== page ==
I have the pleasure of announcing a new book by my friend and colleague, Dr. A.J. Swoboda. A. J. directs our Blessed Earth operations in the Pacific Northwest. His book is called Subversive Sabbath. For those of you have read my last book, 24/6, (and for those who haven’t), I highly recommend that you get ahold of A.J.’s book as soon as possible. The timing of its launch could not be better, as it makes a great read leading up to Easter.
As a physician, I’ve listened to thousands of hearts. During prenatal exams, I’ve heard the rapid swish-swishing of babies still in the womb. Often, moms and dads burst into tears when they hear their child’s heart for the first time. I’ve smiled at the strange murmur those same thumb-sized hearts make when they are born into the great big world, fetal shunts closing of their own accord as the baby breathes independently for the first time. I’ve listened to the chests of three-year-old children as they inhale deeply–and then wonder if the man in the white coat can hear their thoughts through those tubes attached to his ears.
I’ve listened to athletes’ strong, slow hearts. I’ve heard asthmatic hearts pounding away in fear, and the muffled sounds of failing hearts. I’ve listened to the hearts of saints and murderers. I’m in the first generation of physicians to ever listen to the heart of one person after it has been transplanted into another.
Doctors and nurses listen to patients’ hearts using a stethoscope. Although this is convenient, it’s not necessary. In fact, the stethoscope wasn’t invented until a generation after our country became a nation. For thousands of years, physicians listened to heart sounds without the aid of a stethoscope. They simply laid their ear on the chest of their patients. Now, it is only children who lay their heads on the chest of their parents and listen to beating hearts.
My daughter used to love curling up in the big green chair by our fireplace in winter and falling asleep listening to my heartbeat. These days my children are grown. I’m still close to them and hug them every time I see them, but it is only my little granddaughter who’s falling asleep on my chest now…or so I thought. Recently, my son dropped by our house after a long shift at the hospital. He flopped on the couch next to me, and within a few minutes he was asleep, his head was resting on me. He was no longer a pediatrician at the university hospital; he was just my little boy, resting in his father’s arms.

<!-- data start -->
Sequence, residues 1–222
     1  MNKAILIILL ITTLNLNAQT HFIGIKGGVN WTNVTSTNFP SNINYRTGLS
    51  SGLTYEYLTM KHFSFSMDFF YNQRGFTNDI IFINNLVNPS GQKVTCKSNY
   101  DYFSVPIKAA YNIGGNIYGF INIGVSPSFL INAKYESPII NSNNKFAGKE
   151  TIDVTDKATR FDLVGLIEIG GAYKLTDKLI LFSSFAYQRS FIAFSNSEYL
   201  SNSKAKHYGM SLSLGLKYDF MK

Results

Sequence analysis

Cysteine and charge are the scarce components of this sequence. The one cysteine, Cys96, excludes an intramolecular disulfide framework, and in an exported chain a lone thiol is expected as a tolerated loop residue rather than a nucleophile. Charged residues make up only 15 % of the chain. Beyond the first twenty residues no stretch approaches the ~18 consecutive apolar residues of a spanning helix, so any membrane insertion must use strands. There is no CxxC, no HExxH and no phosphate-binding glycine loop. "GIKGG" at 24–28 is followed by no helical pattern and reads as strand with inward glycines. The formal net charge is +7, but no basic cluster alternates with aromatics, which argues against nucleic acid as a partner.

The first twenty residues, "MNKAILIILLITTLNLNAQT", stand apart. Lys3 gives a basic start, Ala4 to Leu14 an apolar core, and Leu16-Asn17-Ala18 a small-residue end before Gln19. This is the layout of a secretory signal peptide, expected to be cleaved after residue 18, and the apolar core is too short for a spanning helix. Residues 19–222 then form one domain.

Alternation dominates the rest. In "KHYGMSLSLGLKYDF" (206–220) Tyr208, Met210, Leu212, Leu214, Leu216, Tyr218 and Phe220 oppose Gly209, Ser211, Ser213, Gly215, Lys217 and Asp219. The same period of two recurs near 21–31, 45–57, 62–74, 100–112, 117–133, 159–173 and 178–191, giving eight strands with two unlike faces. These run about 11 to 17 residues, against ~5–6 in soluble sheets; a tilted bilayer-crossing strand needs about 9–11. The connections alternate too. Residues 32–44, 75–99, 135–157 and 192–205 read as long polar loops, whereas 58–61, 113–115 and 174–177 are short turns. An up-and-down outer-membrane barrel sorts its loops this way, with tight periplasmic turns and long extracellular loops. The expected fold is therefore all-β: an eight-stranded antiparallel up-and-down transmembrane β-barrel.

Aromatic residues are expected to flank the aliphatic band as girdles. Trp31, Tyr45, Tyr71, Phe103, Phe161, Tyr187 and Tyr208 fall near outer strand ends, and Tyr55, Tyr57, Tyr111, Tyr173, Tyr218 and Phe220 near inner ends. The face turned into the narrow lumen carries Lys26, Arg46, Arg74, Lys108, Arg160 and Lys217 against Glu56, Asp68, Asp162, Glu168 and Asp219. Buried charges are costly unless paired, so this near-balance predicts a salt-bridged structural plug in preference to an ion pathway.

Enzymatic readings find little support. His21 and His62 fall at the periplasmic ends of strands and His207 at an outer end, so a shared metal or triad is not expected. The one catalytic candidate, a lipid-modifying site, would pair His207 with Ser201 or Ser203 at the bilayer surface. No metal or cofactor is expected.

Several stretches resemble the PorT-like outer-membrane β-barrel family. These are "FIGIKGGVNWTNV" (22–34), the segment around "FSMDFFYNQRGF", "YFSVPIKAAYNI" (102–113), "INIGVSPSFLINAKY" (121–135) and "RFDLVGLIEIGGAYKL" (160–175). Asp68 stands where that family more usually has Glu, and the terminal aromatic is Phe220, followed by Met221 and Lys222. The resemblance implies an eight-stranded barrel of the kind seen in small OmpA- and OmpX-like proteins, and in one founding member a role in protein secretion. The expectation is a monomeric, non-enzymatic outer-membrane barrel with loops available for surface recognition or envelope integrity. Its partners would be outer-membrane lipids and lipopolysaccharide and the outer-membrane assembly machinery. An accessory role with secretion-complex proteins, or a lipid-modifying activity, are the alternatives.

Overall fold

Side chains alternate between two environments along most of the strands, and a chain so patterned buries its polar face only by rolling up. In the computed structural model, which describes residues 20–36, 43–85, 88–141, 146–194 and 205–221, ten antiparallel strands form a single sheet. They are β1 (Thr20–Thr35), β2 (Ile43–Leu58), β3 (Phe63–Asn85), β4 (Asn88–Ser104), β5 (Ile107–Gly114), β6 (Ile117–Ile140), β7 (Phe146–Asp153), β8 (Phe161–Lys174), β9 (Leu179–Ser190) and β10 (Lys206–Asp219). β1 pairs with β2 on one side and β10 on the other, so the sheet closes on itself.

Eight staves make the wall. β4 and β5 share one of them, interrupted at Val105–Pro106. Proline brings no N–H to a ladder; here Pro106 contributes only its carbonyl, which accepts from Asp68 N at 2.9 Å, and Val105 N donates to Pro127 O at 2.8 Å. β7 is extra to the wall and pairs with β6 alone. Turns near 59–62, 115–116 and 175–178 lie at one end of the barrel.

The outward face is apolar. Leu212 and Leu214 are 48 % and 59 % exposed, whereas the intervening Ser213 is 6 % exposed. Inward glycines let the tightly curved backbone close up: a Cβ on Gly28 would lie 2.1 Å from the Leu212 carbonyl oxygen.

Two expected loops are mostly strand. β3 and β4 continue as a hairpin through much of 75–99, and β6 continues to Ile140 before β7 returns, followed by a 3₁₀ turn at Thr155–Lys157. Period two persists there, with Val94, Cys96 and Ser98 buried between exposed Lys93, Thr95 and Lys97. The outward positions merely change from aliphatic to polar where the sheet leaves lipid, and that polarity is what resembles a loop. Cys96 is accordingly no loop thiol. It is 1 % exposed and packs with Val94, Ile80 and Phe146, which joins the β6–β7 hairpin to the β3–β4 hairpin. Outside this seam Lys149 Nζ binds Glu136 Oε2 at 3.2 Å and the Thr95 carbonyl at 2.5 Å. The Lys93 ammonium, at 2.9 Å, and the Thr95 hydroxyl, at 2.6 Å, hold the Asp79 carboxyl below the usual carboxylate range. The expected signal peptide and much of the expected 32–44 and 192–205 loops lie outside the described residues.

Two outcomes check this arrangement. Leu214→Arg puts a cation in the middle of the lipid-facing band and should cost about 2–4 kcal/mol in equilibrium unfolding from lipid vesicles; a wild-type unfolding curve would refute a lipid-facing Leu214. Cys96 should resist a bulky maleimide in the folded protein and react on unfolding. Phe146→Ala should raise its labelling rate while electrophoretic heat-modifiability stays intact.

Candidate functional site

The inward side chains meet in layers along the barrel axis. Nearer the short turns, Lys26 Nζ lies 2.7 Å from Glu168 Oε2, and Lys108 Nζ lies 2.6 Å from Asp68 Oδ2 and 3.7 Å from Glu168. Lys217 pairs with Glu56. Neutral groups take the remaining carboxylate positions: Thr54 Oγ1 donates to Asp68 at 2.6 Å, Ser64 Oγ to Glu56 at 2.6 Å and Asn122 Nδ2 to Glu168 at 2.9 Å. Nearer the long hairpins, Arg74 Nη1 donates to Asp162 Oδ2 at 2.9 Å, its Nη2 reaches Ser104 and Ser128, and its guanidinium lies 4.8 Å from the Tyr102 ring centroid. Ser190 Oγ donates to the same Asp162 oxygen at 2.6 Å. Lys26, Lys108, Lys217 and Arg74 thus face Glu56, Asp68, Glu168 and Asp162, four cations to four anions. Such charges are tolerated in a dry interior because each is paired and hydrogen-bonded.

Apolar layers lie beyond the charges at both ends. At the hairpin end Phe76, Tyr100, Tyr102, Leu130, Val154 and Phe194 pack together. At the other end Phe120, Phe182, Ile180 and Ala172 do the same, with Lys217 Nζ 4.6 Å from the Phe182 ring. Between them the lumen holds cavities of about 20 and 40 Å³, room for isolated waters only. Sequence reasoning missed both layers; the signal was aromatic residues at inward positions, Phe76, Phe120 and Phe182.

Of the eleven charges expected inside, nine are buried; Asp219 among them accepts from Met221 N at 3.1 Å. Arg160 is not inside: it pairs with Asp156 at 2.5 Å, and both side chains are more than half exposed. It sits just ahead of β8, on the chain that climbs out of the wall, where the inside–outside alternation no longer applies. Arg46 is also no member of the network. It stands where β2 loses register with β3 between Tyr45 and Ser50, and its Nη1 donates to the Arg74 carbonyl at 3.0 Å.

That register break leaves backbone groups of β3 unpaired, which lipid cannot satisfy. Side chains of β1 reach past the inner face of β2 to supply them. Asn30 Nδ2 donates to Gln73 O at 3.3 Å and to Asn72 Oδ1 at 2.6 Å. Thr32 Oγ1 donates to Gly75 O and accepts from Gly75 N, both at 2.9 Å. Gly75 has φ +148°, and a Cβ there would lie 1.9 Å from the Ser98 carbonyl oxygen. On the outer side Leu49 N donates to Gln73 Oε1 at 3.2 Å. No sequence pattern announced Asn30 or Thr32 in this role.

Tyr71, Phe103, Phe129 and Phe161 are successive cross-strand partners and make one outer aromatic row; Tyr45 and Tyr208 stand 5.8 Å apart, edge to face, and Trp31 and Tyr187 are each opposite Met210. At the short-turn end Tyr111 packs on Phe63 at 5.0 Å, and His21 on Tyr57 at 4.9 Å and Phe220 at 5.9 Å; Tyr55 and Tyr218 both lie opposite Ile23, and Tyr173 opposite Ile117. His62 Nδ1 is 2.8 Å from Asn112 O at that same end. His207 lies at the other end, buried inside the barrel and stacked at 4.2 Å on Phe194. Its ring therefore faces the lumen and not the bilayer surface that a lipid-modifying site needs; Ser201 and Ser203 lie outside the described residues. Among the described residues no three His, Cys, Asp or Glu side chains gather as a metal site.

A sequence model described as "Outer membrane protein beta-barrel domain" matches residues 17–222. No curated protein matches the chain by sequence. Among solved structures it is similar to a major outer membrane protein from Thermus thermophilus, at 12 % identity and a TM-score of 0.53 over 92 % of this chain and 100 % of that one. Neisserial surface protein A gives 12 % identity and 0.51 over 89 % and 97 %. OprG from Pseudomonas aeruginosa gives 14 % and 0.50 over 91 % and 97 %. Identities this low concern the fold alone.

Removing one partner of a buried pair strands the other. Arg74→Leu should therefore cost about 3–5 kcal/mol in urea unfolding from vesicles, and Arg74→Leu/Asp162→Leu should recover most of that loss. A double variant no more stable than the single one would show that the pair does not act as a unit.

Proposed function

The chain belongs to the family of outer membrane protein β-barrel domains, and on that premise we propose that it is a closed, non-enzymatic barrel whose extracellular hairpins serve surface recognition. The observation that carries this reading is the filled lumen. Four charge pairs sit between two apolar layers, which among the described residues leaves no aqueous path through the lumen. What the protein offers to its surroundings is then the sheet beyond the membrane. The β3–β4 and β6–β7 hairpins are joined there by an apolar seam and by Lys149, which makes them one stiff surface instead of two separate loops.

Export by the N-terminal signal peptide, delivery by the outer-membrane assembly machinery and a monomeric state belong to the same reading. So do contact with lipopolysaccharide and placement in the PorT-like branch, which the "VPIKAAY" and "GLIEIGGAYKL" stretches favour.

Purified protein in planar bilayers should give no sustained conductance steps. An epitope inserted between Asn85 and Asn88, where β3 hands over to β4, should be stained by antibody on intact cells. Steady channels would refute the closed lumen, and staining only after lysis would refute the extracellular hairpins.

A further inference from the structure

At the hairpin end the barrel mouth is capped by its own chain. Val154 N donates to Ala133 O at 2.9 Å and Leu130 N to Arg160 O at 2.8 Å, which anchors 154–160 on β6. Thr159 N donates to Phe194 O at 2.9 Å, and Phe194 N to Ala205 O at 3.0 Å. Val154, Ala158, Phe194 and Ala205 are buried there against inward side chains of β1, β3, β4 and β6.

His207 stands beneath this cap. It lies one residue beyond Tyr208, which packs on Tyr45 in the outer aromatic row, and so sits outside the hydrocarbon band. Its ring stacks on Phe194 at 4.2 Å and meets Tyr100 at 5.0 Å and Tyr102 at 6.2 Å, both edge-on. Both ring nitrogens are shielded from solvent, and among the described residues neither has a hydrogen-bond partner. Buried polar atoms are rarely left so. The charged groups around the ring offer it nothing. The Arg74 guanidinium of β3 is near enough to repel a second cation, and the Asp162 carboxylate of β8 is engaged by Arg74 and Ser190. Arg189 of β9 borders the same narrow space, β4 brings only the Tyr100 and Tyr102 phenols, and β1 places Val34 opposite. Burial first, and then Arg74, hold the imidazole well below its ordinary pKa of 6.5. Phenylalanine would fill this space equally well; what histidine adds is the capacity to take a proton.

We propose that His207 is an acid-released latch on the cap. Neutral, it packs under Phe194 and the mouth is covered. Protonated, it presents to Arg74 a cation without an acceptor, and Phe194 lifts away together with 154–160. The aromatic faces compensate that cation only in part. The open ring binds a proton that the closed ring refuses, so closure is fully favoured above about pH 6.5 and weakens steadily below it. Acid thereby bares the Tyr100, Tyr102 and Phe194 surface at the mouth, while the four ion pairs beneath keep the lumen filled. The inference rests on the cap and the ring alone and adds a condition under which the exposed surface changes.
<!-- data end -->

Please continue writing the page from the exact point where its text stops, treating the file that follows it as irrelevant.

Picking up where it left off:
I had just finished reading Subversive Sabbath, and I got to thinking about our exhausted world, laying our heads down, and hearing heart sounds. These thoughts led me to the thirteenth chapter of John’s Gospel–the setting of the Last Supper. The chapter begins with Jesus washing the disciples’ feet. Later, Judas dashes off to betray Christ. The chapter ends with Jesus giving a new commandment to love one another.
But midway through, an extraordinary detail is recorded. Here we see the portrait of a commercial fisherman with sunburned skin and callused hands. His name is John, and he’s a man’s man. Jesus calls him a “son of thunder.” Normally, John conveys an image of courage and strength, but at this moment he appears like a little child: “Now there was leaning on Jesus’ bosom one of his disciples whom Jesus loved.”
There in the middle of the most extraordinary events in human history is a man listening to the heart of God. Don’t you wish you could lay your head down on the Maker of the universe and just listen to his heart? Don’t you wish that you could lay all your problems down for just a moment and rest on Jesus?
The heart of A.J. Swoboda’s book is that you can: starting next Sabbath, for twenty-four hours, you can lay your head on the chest of someone who loves you enough to die for you. Subversive Sabbath is an invitation to rest in the Lord.
The Sabbath commandment begins with an odd word; it tells us to “remember.” Don’t forget how good it is to rest in the Lord, to be loved by the Lord, to hear His heart beat. A.J. Swoboda’s narrative is both a reminder to those who have forgotten and an instruction for those who have never known the peace of Sabbath rest. “Once you start,” Swoboda warns, “you cannot stop. It is profoundly life giving.”
Ultimately, however, reading about Sabbath is like looking at a picture of food. It will not fill you. It can only whet your appetite. You must finish the book, put it down, and actually do the Sabbath. You must get your life quiet enough one day out of the week to hear God’s heart. Only then will you experience the counter-cultural joy of Shabbat shalom, Sabbath peace.
I have been blessed by years of friendship with A.J., and his latest book is the outflowing of a heart that loves the Lord. I hope you, too, take the time to get to know him–and God–more through Subversive Sabbath (and don’t forget to leave a review on Amazon!).
by Matthew J. Sleeth